So the visit to the Cham Museum of Da Nang has taught us that Hindusim once thrived in Vietnam, that lions still exist in India, that they used to play polo in these parts and that the Cham people and the Mayans might have been cousins. That’s quite a lot for one day, but there’s more to come as we enter a completely different world only a short distance from here.
Not far inland from Da Nang there are five small mountains that rise dramatically from the floor of the Han River valley. They are made of limestone and its metamorphic state, marble and these have been quarried here for thousands of years. They have also been considered sacred by a number of religions, most notably Bhuddism. Only the highest mountain, Thuy Son, is accessible to the public and you can climb to the top via 156 stairs or if you are too lazy or infirm to do that, take an elevator. That’s Tam Thai pagoda in the photo, the tallest of the many pagodas on Thuy Son.
Alison and I along with most others opt for the stairs.
One of the reasons to take the stairs is that this is where you will find many of the Buddhist shrines on Thuy Son, starting with this one depicting the Buddha in a meditative state in a very tranquil setting that was close to mesmerizing. If you couldn’t chill out here you probably couldn’t do it anywhere.
Not so tranquil is this collection of nagas that you come to next on the ascent. However, if you are pure of spirit you have nothing to fear as nagas supposedly only attack truly evil people. Everyone in our group gets a pass.
We now arrive at the first of the many temples or pagodas and they are all not only exotic, at least to a westerner, but really beautiful as well. They blend seamlessly into the mountain landscape and actually enhance it. This is Non Nuoc Pagoda which is relatively new at only 300 years old.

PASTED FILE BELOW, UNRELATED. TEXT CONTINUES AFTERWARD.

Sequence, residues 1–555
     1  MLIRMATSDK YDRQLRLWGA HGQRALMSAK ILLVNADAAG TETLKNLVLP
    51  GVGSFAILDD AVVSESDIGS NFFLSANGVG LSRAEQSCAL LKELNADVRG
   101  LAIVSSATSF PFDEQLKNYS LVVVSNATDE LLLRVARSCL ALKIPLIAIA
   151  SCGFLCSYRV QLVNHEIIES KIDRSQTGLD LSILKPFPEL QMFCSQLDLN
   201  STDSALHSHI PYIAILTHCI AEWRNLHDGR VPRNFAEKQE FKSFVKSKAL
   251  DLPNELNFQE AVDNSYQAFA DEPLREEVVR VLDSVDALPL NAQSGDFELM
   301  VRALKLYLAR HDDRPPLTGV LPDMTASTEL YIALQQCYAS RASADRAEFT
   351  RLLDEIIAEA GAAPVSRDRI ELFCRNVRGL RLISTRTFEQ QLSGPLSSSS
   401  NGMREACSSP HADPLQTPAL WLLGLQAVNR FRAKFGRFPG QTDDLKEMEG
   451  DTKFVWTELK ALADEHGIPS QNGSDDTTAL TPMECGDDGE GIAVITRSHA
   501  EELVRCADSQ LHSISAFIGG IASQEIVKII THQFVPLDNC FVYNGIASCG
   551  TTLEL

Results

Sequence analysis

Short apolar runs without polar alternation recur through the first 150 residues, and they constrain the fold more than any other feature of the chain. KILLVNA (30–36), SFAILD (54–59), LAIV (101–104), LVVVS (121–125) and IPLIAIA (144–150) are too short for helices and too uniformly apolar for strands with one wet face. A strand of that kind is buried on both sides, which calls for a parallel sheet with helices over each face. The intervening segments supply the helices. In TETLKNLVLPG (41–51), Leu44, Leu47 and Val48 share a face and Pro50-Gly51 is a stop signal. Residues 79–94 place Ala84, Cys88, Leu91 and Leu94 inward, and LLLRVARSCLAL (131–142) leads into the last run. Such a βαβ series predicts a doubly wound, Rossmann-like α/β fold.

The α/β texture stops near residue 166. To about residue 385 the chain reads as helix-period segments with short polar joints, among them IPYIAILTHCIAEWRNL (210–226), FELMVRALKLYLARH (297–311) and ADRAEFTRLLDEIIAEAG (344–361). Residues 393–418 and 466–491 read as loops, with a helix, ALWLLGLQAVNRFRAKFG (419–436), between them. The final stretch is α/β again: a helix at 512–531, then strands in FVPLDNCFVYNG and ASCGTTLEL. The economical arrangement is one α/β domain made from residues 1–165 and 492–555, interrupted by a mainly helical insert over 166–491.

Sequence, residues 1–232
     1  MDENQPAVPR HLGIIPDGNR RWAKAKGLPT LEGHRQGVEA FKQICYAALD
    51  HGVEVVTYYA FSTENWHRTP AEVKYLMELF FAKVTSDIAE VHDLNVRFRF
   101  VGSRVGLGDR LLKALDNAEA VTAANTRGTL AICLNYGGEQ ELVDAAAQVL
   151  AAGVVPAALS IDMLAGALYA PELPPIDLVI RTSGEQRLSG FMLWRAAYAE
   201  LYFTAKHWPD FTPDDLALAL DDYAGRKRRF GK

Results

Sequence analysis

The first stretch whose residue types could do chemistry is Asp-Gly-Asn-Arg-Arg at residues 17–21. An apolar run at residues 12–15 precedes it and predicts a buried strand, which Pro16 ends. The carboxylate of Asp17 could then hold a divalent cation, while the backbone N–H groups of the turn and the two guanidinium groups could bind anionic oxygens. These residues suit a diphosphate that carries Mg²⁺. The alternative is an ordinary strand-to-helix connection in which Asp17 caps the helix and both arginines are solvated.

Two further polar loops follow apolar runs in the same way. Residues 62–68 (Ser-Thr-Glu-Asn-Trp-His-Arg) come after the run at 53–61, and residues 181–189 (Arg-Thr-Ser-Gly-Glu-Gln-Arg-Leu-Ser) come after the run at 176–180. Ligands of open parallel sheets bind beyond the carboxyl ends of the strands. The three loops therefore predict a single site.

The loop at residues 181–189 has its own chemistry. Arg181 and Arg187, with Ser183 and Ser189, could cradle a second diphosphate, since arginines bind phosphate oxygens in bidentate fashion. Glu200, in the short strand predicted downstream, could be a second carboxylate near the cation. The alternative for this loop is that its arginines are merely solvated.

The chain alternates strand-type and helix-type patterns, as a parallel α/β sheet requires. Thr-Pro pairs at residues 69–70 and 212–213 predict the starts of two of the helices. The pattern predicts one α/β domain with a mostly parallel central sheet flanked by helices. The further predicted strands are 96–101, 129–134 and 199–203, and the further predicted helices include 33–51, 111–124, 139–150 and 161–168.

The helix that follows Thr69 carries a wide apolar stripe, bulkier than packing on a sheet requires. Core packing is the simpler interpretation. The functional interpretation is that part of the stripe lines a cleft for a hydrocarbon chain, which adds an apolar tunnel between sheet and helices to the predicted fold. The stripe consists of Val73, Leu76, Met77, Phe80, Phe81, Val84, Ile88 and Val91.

Here is Alison at the second pagoda.
And the temples just keep on coming the further up you go.
As you near the top there are trails going everywhere and suddenly Alison and I find ourselves alone in this enchanted place with this stunning blue pagoda.
We are running out of allotted time before needing to head back down to join the rest of the group so we only have time to check out one last pagoda on Da Nang’s Thuy Son mountain. This one is bi-coloured and has an image at its base that is usually mistakenly called the ‘fat Buddha’. This is actually a famous Buddhist monk nicknamed Budai who was known for his jollity and love of children. You can see he is covered with them. We will be seeing a lot more of him when we get down from the mountain.
After going down a few trails that end precipitously we do find the path down the opposite side of Thuy Son from the one we came up on. Reunited with the group we have some free time to explore one of the dozens of marble sculpture outlets that are found in this suburb of Da Nang. See if you can spot Alison and Claude amid this myriad of marble merchandise.
There are actually lots of smaller items at very reasonable prices that would make great souvenirs, but the problem with marble is that it’s bloody heavy and with two weeks still to go I don’t fancy lugging one around so it’s no sale.
It’s time now to leave Da Nang and head to Hoi An where we will spend the next three days exploring two UNESCO World Heritage Sites. I hope you’ll join us.